Applicant Anthony Lidster, whose family business owns the Belmont facility, off Lamb Lane, is expected to be granted outline planning permission from Barnsley Council on Tuesday.
The derelict building’s plight - which has long been hit by fires - resulted in the council and police threaten to pursue court action against the firm due to worries about youngsters entering its weakened structure.
A pre-application enquiry was subsequently made in April last year, a planning report said, which reveals a disused farmhouse near the site - known as Garden House Farm - will also be flattened.
Planning board members are now expected to give the nod to the Lidster family, paving the way for the site to be cleared and offered to would-be developers.
However, 14 people have objected to the scheme and the potential housing estate, citing increased pressure on roads, reduced safety, loss of privacy and more noise - despite others campaigning for its demolition.
The report said: “Belmont consists of a main two-storey pitched roof building with single-storey, flat-roofed extensions.
“It has been vacant for a number of years and has been subject to vandalism and numerous fires. Given the state of the building and safety concerns, an enforcement notice has been served on the owners to demolish the building.
“Part of this application relates to the demolition in order to comply with the enforcement notice. As such the outline proposal is considered to accord with policies and guidelines and is recommended for approval accordingly.”
The building was erected in the late 1960s and it was originally used as a residential facility for elderly people but in June 1999, Barnsley Council’s asylum and migration service welcomed 180 humanitarian evacuees from Kosovo to the building which was then called Belmont Induction Centre.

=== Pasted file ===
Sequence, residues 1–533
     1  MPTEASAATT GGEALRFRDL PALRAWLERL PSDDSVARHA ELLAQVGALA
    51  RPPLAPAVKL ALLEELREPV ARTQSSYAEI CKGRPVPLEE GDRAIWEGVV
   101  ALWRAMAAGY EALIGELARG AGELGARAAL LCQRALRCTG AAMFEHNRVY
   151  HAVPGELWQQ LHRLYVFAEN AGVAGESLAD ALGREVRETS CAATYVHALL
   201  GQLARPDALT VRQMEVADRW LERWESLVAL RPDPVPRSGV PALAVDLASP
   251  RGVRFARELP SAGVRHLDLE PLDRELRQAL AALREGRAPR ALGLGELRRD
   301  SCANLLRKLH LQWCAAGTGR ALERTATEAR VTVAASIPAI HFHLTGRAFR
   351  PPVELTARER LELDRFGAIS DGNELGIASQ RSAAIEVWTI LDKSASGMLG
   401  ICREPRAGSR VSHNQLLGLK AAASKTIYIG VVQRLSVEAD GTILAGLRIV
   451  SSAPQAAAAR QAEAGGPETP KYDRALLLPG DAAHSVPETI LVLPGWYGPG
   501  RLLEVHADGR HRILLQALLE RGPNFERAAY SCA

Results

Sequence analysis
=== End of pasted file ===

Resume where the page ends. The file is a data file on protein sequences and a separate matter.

Its last use was as a care home but since its closure several years ago, it’s been a priority patrol spot for police officers responsible for the area due to long-running complaints from councillors and residents.
According to figures, more than a dozen blazes deemed ‘serious’ have taken place since January 2019.
A planning statement on behalf of the Lidsters added: “The proposed dwellings will respect the heights of the adjacent existing buildings.
“The remaining properties to the southern boundary are bungalows but due to the levels on the site being lower, two-storey houses would be suitable in scale in these locations.
“We have considered the existing vehicular entrance to Belmont and have discounted it and propose a new entrance, further along Back Lane. We also propose a footpath along the north side of Back Lane.”